The Mac HD and DVD player are hard to tell apart. Maybe the DVD player has a slight edge here and there but this could be the SPDIF sounding better than the Optical from the Mac, even using a high quality glass optical interconnect.

But the Arcam transport sounds a lot better than either adding a sense of dimensionality and realism to the recordings. This is a fairly decent set up which would have cost around 3500 USD about 10 years ago, so not madly expensive.

Why does the the Arcam transport sound so much better? one possible explanation is jitter. It's coupled to the DAC via SPDIF but also has another optical coupling which carries clock data. Another perhaps is the Philips swing arm mechanism sounding better than a DVD transport.

Bottom line for me is if I want to listen to digital music I want the best reproduction I can afford and conventional CDs still offer this, mainly because the hardware is more mature I think.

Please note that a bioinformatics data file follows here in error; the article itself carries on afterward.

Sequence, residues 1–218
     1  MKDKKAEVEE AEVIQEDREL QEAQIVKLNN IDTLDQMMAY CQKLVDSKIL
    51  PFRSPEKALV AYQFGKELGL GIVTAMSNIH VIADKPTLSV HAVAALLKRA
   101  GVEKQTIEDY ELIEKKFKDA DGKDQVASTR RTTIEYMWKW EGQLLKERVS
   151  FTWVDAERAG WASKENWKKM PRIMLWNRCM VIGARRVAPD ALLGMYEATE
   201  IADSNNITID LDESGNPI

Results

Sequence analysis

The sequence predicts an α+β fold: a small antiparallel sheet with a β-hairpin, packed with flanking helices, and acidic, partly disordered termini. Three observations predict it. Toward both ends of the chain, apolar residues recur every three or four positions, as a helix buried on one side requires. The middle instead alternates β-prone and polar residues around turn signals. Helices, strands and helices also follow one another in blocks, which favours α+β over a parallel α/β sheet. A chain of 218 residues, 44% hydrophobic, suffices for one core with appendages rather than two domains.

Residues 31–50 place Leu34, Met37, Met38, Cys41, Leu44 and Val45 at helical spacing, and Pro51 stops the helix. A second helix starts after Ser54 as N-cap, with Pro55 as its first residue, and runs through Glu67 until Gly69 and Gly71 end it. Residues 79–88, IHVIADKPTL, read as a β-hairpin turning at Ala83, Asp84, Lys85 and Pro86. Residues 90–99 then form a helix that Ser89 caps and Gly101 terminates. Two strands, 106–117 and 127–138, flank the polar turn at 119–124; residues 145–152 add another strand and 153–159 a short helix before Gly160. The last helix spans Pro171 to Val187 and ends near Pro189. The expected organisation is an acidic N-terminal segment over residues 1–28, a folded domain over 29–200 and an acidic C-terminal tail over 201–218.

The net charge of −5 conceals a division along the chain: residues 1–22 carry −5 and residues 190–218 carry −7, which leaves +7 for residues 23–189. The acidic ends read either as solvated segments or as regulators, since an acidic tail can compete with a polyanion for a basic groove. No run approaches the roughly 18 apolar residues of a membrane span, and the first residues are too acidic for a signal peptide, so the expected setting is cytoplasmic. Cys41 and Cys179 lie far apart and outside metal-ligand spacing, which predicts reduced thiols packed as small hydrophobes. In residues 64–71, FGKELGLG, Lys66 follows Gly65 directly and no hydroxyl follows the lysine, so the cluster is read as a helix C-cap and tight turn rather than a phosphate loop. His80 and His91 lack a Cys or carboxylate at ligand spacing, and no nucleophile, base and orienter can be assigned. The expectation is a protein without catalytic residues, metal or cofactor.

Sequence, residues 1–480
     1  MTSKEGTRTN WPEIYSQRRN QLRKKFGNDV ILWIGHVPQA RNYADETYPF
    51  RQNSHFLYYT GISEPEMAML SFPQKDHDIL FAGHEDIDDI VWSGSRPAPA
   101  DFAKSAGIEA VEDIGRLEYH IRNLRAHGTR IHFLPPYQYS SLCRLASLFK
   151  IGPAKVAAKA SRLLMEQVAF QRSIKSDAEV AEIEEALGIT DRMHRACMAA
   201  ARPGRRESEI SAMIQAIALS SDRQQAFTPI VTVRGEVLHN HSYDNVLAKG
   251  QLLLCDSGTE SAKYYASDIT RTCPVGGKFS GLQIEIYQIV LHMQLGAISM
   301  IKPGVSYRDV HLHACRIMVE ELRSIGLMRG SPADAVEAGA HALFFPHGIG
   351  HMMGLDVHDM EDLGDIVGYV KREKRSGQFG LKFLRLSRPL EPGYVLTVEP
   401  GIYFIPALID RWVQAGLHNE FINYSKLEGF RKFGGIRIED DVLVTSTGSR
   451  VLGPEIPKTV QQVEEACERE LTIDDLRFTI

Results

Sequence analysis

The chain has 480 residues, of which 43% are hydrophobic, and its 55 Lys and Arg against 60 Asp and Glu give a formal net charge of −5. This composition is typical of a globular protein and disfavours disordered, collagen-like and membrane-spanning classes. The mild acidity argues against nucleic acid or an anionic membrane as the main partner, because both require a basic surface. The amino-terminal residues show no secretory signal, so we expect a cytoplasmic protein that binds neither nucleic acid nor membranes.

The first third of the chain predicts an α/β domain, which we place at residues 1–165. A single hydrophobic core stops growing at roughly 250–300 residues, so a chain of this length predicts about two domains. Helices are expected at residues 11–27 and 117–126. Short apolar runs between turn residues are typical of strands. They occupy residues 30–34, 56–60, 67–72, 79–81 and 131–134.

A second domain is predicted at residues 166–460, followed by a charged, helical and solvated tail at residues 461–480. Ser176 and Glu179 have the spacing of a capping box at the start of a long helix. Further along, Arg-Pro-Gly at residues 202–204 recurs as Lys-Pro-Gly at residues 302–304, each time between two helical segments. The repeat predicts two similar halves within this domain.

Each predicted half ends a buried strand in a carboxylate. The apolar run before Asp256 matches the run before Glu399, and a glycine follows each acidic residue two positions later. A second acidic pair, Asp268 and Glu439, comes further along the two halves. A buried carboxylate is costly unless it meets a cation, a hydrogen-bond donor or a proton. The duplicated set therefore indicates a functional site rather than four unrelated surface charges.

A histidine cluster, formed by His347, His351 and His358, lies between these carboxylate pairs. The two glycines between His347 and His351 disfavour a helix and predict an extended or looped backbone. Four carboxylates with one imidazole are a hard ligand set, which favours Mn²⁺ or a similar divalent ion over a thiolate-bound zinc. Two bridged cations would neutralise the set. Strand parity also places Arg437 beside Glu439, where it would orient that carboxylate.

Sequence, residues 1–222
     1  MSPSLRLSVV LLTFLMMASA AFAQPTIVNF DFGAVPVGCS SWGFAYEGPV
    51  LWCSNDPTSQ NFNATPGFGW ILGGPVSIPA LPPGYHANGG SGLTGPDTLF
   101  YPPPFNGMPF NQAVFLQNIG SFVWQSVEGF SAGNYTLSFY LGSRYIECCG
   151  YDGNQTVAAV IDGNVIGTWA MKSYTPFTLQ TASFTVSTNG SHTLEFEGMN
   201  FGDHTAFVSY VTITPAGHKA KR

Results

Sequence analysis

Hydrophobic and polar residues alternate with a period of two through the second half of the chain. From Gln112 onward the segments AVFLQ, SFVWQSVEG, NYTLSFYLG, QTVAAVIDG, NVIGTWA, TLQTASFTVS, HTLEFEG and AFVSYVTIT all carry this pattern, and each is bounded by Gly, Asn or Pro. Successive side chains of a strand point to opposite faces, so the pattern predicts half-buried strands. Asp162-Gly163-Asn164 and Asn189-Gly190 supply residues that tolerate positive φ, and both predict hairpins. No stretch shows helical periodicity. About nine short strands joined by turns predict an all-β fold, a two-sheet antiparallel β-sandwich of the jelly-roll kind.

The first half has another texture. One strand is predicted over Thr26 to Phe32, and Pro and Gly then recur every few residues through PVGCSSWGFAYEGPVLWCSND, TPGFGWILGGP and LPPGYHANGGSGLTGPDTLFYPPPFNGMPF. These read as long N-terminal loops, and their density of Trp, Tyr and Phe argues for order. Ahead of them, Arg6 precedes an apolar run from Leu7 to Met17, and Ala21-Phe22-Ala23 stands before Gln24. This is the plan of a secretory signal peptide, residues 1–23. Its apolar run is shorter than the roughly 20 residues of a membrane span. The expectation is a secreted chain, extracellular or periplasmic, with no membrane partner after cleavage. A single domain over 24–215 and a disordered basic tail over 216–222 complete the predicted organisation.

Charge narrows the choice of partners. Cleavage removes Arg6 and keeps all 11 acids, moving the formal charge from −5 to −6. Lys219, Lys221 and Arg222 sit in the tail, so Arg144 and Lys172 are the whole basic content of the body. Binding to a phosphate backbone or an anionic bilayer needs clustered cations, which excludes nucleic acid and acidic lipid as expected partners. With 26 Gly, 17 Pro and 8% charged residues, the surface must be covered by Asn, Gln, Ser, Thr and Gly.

Yes the ipod is convenient and lossless sounds great on headphones on the move, but at home I am prepared to put up with a little more inconvenience, choose which piece of music I want to actually listen to from the shelf and slap it in the drawer, when I can't be bothered with firing up my turntable of course....
post #254 of 255
Quote:
Originally Posted by bigshot View Post
If you use a CD player, you have no choice but to burn to redbook CDs.

Generally, it's good to find your threshold through experimentation with bitrates and different types of music. Then up the encoding quality a notch to provide a little headroom for error. Filesize that you can't hear is fine if you don't listen to a lot of music, but my advice is always to listen to a lot of music.

See ya
Steve
I trying my hardest.
post #255 of 255
Might this be the program: